Poplar trees belong to the Populus genus, which is composed of flowering plants, all of which are deciduous. They are classified in the Salicaceae family, which originates in the northern hemisphere. Between 25 and 35 poplar tree species exist. Poplar trees are highly diverse and can grow 50 to 165 feet high.
Poplar trees have smooth bark that is usually deep gray, whitish or green. They have stout shoots and their leaves are spirally arranged. The leaves can circular or triangular. In rare instances, leaves of poplar trees are lobed. The size of leaves vary and before they drop in the fall, the leaves often turn yellow or bright gold.
Poplar trees have various uses. Some common uses for popular trees include paper manufacturing, pulpwood, hardwood timber (for affordable plywood and pallets), tanning leather (because of its tannic acid levels), wood for panel paintings and violas.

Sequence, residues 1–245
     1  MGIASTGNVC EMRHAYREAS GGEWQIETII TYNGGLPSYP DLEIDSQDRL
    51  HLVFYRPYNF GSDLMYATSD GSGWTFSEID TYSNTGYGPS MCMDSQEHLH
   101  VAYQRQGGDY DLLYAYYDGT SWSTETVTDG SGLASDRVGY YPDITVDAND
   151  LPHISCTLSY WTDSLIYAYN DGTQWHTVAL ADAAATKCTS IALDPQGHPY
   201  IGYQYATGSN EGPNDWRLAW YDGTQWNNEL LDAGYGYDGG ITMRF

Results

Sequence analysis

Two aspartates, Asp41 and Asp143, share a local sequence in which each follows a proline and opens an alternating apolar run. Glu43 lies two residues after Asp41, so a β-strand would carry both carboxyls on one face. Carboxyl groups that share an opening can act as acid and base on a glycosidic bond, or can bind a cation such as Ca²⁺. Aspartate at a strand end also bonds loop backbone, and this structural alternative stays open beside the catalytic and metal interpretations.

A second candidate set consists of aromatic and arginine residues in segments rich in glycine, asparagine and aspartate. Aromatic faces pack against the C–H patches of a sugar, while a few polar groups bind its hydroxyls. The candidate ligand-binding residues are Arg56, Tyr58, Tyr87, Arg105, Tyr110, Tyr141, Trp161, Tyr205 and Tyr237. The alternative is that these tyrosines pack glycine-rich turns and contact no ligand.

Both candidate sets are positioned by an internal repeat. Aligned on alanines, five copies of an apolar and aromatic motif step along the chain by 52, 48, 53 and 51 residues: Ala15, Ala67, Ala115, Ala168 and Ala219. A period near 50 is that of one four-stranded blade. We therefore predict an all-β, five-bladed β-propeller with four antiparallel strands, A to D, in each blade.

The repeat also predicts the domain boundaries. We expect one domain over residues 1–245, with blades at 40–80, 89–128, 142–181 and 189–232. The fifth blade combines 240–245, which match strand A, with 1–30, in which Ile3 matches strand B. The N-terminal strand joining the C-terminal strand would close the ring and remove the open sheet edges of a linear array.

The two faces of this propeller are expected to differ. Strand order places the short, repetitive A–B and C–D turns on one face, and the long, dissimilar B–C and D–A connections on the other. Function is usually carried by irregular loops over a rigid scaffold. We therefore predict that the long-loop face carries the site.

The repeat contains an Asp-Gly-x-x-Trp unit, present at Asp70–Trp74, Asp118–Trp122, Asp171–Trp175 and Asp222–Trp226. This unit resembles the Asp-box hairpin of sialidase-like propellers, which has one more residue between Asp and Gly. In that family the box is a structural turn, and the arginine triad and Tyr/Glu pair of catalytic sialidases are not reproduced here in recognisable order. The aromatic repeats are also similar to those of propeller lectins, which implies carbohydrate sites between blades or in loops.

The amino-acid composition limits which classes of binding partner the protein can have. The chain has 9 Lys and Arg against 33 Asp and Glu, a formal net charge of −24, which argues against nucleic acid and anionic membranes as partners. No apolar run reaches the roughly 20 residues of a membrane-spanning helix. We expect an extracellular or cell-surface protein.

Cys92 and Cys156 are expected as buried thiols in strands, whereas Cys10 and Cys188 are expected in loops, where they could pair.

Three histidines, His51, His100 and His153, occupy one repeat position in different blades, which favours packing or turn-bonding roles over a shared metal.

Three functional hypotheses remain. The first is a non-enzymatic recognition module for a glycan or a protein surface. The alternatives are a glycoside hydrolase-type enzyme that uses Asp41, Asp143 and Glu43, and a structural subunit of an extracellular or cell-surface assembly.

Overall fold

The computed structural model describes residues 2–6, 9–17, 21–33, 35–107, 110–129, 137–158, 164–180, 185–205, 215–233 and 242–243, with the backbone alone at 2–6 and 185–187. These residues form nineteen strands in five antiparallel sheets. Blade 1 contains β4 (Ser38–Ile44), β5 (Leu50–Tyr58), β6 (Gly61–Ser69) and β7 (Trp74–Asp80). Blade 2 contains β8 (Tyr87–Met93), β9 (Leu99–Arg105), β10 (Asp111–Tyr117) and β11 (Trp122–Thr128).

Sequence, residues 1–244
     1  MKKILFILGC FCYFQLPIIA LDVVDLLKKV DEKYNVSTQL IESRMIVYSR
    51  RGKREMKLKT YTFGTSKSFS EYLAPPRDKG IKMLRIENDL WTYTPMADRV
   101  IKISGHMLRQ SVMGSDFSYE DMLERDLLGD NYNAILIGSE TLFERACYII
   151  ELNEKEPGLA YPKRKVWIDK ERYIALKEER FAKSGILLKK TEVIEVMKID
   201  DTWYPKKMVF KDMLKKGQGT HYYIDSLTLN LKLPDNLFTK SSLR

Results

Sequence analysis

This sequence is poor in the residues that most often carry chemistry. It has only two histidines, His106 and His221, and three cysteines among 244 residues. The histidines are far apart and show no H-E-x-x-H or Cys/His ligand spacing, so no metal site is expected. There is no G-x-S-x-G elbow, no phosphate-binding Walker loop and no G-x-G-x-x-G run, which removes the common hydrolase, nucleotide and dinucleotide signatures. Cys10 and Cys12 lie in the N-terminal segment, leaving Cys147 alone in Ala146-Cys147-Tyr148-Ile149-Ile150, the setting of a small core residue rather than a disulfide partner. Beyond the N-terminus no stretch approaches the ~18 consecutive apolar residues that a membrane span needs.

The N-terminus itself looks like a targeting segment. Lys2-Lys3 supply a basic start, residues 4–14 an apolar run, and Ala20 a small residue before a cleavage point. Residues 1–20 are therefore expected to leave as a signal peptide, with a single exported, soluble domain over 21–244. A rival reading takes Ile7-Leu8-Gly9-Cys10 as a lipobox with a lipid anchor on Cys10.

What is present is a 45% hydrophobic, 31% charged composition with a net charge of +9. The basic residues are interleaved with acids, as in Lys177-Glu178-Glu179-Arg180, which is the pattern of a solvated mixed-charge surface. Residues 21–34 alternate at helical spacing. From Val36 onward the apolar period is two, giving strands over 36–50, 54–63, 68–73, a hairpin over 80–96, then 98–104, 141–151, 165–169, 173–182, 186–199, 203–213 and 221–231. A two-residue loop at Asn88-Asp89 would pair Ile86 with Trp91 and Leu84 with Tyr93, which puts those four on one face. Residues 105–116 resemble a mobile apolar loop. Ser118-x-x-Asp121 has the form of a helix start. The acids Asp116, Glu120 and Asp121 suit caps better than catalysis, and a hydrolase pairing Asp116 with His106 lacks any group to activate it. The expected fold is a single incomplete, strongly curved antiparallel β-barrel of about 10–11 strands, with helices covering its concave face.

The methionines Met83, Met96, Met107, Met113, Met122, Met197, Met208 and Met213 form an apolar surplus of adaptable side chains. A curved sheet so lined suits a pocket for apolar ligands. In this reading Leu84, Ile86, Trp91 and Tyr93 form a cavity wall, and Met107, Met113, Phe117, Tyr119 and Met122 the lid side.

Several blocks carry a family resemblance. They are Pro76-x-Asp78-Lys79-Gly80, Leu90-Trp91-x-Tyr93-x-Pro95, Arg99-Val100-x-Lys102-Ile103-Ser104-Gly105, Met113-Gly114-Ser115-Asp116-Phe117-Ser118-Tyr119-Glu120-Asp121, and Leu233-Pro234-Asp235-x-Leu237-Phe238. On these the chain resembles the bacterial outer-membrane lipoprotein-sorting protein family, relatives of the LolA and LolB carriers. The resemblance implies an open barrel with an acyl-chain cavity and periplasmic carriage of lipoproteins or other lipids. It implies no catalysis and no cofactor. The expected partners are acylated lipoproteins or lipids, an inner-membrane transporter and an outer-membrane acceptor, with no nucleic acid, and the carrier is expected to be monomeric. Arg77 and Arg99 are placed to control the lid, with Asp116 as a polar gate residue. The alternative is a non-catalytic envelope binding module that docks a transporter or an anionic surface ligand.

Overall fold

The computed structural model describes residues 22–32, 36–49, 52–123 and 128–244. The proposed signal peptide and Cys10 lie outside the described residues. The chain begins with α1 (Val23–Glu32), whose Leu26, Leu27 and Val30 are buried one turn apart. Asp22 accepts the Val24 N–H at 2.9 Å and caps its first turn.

Poplar trees are often cultivated for ornamental purposes. They grow rapidly and can grow to a vast size. The majority of poplars take root from fallen broken branches or from cuttings. Their root systems are invasive, as as a result, it is advised to not plan these trees near ceramic water pipes or residences, which could lead to cracked pipes, walls and houses because of the roots' need for moisture.
The flowers of poplar trees are usually dioecious. In some cases, although unusual, they are monoecious. Their flowers are situated in disks that are shaped similarly to cups. The scales of the flowers are fringed and lobed, and either smooth or hairy. In most cases, they are caducous, which means that they have the tendency to rapidly fall off.
Some well-known varieties of poplar trees include the white poplar (Populus alba), willow-leaved poplar (Populus angustifolia), laurel-leaf poplar (Populus laurifolia), Wilson's poplar (Populus wilsonii), Mexico poplar (Populus Mexicana), Yunnan poplar (Populus yunnanensis) and Simon's poplar (Populus simonii).